The etiology of hypertension is complex and results from the interaction of multiple genetic, neuronal, hormonal, environmental factors, and aging-associated diseases (Garbers and Dubois, 1999; Oparil et al., 2003; Chockalingam, 2008). In fact, with over 50 genes implicated in BP regulation, and other risk factors contributing to the pathogenesis of hypertension, it is rarely possible to determine the etiology of the disease. However, strong evidences support the role of “vascular aging” in the development of hypertension (Green et al., 2010; Fritze et al., 2012; van den Munckhof et al., 2012). In fact, progressive aging implies endothelial dysfunction, loss of nitric oxide (NO) bioavailability, impaired vasodilation, vascular remodeling, and increased arterial stiffness. In addition, the molecular and cellular mechanisms underlying vascular alterations are common and include impaired Ca2+ signaling, oxidative stress, and production of pro-inflammatory cytokines and pro-fibrotic growth factors.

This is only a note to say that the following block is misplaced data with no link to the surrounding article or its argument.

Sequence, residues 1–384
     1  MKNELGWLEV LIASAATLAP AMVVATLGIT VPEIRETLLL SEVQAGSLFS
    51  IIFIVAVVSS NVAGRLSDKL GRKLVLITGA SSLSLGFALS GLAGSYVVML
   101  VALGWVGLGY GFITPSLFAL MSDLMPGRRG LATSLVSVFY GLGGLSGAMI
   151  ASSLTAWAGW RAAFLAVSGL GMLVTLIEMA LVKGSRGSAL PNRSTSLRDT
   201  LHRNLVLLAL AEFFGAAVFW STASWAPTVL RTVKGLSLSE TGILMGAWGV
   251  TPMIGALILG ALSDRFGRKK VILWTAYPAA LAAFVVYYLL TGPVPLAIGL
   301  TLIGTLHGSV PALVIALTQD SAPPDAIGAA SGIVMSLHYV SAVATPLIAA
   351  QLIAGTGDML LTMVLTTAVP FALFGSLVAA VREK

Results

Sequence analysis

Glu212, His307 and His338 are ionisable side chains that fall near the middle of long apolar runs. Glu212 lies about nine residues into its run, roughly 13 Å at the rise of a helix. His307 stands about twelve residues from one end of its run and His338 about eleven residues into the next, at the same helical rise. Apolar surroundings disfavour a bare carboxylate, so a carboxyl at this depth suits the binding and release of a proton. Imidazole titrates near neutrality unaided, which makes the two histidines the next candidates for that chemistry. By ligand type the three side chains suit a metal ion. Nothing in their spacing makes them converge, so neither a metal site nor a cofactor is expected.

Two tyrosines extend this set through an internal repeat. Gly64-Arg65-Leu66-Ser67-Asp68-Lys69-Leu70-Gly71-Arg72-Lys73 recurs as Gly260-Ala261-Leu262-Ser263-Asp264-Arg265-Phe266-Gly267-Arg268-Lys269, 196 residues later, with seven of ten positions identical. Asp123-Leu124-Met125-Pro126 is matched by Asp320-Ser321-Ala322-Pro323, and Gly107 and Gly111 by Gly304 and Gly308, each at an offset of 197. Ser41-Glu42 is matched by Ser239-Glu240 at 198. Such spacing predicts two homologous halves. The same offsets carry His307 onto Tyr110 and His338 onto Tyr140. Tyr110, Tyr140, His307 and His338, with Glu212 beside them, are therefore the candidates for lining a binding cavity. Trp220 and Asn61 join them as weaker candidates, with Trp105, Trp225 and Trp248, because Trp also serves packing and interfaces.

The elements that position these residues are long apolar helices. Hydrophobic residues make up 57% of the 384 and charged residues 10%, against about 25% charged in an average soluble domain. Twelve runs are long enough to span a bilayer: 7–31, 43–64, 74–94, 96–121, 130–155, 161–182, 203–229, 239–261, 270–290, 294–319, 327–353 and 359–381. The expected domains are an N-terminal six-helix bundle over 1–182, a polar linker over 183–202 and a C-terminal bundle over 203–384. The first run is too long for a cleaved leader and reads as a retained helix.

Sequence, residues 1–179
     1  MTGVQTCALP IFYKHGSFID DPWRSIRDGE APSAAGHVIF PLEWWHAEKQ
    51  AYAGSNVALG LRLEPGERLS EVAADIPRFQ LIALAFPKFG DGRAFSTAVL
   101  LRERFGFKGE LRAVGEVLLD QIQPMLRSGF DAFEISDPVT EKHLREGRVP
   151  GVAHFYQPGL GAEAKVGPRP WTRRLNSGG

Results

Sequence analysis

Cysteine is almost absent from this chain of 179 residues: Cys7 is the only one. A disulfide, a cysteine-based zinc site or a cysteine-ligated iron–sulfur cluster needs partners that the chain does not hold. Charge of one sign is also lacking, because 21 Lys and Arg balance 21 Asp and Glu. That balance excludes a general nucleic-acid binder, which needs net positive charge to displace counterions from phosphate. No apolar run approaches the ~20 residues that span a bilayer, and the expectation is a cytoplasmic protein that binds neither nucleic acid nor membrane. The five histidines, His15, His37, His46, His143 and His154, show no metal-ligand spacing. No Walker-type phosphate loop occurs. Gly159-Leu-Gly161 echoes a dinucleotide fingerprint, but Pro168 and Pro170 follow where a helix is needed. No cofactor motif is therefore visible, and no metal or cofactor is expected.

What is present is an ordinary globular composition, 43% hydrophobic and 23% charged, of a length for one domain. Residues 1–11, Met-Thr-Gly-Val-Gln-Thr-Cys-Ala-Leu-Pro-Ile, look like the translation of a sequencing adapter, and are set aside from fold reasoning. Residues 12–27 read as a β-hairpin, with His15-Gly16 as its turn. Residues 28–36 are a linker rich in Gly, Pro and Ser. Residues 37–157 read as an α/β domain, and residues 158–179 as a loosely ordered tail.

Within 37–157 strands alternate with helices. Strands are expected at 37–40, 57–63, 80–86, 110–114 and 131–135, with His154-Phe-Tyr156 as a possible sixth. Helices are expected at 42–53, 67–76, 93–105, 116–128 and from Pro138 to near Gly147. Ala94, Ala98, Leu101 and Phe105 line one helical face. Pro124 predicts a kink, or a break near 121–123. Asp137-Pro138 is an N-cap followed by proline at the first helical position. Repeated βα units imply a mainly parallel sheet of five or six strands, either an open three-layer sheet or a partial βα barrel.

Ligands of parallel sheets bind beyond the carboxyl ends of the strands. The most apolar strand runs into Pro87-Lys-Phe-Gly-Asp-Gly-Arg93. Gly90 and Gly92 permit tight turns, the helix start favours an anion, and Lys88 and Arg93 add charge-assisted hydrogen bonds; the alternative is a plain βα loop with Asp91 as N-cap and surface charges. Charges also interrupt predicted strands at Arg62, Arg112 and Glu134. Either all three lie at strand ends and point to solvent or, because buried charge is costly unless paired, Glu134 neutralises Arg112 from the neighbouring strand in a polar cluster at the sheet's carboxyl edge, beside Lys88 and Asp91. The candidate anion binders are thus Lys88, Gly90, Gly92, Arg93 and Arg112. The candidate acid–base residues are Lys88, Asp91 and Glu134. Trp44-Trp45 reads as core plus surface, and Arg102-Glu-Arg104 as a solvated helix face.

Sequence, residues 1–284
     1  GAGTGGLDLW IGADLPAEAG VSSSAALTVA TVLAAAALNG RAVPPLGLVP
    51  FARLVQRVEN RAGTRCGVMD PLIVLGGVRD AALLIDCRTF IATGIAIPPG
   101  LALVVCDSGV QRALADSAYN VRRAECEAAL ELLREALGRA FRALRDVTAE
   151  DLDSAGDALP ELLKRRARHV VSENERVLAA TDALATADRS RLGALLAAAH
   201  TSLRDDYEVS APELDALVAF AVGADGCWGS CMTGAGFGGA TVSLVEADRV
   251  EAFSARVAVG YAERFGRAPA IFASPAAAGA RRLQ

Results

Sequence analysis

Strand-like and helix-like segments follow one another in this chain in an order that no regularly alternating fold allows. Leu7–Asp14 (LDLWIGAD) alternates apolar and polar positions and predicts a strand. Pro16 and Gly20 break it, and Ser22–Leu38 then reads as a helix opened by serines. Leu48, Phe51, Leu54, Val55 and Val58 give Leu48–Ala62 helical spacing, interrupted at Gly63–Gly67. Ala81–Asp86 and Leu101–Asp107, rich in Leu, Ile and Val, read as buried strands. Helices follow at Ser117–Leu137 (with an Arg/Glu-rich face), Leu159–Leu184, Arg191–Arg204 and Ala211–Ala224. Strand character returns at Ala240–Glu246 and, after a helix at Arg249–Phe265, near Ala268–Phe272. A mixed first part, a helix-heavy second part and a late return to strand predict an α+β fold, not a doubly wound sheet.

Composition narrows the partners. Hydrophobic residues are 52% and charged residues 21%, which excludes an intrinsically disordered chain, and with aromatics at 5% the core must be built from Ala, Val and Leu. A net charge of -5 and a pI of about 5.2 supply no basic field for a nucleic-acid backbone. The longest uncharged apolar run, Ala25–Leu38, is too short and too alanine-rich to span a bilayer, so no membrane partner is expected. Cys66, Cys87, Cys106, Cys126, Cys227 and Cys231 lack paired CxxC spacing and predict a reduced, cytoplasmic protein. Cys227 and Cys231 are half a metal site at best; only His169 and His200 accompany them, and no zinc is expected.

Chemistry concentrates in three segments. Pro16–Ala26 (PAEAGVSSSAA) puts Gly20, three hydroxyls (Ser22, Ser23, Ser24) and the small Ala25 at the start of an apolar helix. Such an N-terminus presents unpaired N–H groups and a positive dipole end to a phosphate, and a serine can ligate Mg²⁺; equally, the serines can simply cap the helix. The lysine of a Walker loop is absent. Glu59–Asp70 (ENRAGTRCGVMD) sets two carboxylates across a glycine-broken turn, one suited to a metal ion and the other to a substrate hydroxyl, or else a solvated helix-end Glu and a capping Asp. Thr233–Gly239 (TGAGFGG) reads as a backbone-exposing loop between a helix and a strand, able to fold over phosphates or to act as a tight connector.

Regardless of its etiology, a hallmark of all cases of hypertension is an increased vascular resistance that leads to elevated BP. Resistance arteries, with an internal diameter of less than 350 μm, are key elements in the control of peripheral vascular resistance. The major drop in hydrostatic pressure in the vascular tree occurs at the level of resistance arteries. As described by Poiseuille’s law, resistance to blood flow is inversely proportional to the vessel radius to the fourth power; therefore, small variations in the lumen of resistance arteries result in significant effects on peripheral resistance with a pronounced impact on BP. Hence, peripheral resistance is typically a function of the diameter of resistance arteries which, in turn, is intricately linked to the contractility state (vasomotor tone) of vascular smooth muscle cells (VSMCs) (Bosnjak, 1993; Hill et al., 2001). Indeed, it is these VSMCs in resistance arteries and arterioles that act as the main effectors in the continuous regulation of vascular resistance. By stretching VSMCs, BP activates a myriad of signaling events that eventually produces myogenic tone, a distinguishing feature of resistance arteries and arterioles (D’Angelo et al., 1997; Davis, 2012; Mufti et al., 2015; Kroetsch et al., 2017). Furthermore, this tone represents the baseline on which various primary messengers such as neurotransmitters, endothelium-derived vasoactive molecules, local metabolites, or hormones converge and act to modulate constriction and dilatation. Many membrane channels and receptors play a pivotal role in vasotone regulation. VSMCs of resistance arteries express several plasma membrane (PM) ion channels including K+ channels (Taguchi et al., 1994; Sobey et al., 1998; Tajada et al., 2012), Ca2+ channels, Cl− channels (Bulley et al., 2012; Dam et al., 2014; Heinze et al., 2014), transient receptor potential (TRP) family of ion channels, voltage-gated Ca2+ channels (VGCCs) (Hondeghem et al., 1986; Inoue et al., 2001; Liao et al., 2007), epithelial Na+/acid-sensing channel (ENaC) (Jernigan and Drummond, 2005; Drummond, 2009; Grifoni et al., 2010), and stretch-activated channel, also known as PIEZO1 (Allison, 2017). In addition to these channels, IP3R and ryanodine receptor (RyR), which are localized SR membrane play an important role in VSMC contractility and the development of hypertension (Long et al., 2007; Mufti et al., 2010; Lin et al., 2016).